The 26th UN Climate Change Conference of the Parties (COP26) is being held in Glasgow from 31st October to the 12th November 2021. This COP has been hailed as a critical point in the fight against climate change, indeed perhaps it is the critical point in this fight. The agreements and decisions that nations aim to reach at this COP will define for us whether we can keep global warming below 1.5°C These decisions will (hopefully) be driven by the science that clearly outline the statistics and numbers that reveal our impact on our environment, and its consequences. In these blog posts, BioSS statisticians take a light-hearted look at some of the statistics, facts and figures playing such a key role in the COP and in the wider climate change discussion, digging a little deeper into them to see if they really mean what we might expect.
Read the blog posts:
We all hear about climate change on the news and other media, although there are clearly different views about what climate change means and what actions should be taken. If nothing else, everyone's personal perception of climate change is likely to be influenced by where they live and what they do. For example, any consistent change in the long-term weather trend would indicate climate change, but would also be superimposed by natural fluctuations in weather. The two phenomena occur to different degrees at different locations on the globe. Secondly, people living in urban or highly managed environments experience human-made change regularly and may experience less natural change in the environment. World statistics indicate that >50% of the world population live in urban areas.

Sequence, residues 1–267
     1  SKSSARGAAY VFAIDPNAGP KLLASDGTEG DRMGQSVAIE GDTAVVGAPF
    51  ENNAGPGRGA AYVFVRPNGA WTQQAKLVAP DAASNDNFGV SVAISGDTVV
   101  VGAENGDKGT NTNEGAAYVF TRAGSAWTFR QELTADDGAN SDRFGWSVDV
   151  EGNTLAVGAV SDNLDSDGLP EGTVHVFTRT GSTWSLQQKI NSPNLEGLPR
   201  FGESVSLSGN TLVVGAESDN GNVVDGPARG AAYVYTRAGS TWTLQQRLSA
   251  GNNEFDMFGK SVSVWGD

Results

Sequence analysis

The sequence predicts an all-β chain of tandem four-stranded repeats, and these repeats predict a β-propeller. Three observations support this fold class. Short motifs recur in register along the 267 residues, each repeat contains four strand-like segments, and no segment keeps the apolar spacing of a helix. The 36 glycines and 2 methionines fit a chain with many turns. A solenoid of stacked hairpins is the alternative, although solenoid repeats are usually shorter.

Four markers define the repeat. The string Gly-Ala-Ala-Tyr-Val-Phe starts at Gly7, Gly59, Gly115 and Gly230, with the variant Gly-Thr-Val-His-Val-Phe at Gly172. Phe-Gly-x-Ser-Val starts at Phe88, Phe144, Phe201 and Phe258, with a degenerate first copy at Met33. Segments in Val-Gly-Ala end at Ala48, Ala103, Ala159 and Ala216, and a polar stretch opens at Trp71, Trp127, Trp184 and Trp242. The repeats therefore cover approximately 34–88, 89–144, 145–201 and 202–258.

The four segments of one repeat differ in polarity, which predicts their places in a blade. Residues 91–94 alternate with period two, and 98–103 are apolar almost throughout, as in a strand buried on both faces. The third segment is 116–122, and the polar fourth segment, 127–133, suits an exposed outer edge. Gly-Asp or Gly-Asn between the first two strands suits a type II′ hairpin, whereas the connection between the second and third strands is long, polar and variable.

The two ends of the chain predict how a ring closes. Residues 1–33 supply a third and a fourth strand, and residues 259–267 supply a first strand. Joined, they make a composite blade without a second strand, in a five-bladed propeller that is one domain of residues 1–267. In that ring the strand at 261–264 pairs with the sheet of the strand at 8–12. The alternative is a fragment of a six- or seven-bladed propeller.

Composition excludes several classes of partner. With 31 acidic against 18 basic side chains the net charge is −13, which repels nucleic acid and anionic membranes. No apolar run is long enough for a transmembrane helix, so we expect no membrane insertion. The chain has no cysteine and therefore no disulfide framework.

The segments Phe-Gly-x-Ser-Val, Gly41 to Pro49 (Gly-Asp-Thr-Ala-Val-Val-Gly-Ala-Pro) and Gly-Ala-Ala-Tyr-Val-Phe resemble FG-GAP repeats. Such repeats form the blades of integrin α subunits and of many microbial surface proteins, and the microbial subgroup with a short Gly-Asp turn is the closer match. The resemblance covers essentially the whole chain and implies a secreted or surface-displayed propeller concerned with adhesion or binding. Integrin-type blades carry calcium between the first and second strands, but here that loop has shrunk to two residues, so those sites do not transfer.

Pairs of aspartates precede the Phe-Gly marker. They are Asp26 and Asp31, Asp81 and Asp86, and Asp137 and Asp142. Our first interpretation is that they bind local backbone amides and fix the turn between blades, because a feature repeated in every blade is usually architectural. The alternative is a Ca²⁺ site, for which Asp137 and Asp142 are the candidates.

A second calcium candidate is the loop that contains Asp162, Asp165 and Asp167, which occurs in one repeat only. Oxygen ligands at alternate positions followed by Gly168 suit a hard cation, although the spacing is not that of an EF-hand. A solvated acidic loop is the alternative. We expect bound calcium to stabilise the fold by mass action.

Methane production is primarily attributed to agricultural activities by humans, and more specifically livestock production. Livestock, mainly beef and dairy cattle, produce methane through their digestive process and are responsible for around 14% of global GHG emissions. As I previously mentioned, methane is 28x more potent than carbon dioxide in the atmosphere, but it has a shorter atmospheric lifespan of about 10 years. To put that in context, carbon dioxide has an atmospheric lifespan ranging from 300 to 1000 years. Therefore, mitigating methane emissions now, can have an immediate impact on the climate and could help buy us some time and keep the goal of not increasing temperatures by 1.5°C by 2040 achievable.
If you have ever hiked in Scotland, you will be familiar with that sinking sensation. You step onto a lush bed of green only to be sucked in ankle deep by a squelch of bog. Most likely this is the same point at which you realise that your boots are not as waterproof as they used to be! The next time you find yourself cursing the name of Scotland with your wet feet and head in a cloud of midges, here is something to think about: it is estimated that restoring 55% of peatlands to near natural conditions will have a net benefit of £45 - 51 billion. Billions of pounds sound like a lot of money, so let's wade through this bog together and untangle what this really means.
Having grown up in a household that has photovoltaic panels on the roof and having recently purchased a full electric vehicle (EV), I consider myself passionate about this theme. However, with COP26 upon us, and all the eyes of the world looking into the climate crisis, it got me to ask myself 'how green are EVs really?'.
The year 2019 was among the three warmest years since records began in the 1800s. Nearly 400 all-time high temperatures were set in the northern hemisphere during the summer of 2019 and records were broken in 29 countries for the period between 1 May and 30 August. There were heatwaves across Europe, especially in Germany, France and the Netherlands. During the southern hemisphere summer there were catastrophic wildfires in Australia. However, was 2019 just an exceptional year, or was this the result of climate change caused by human activities?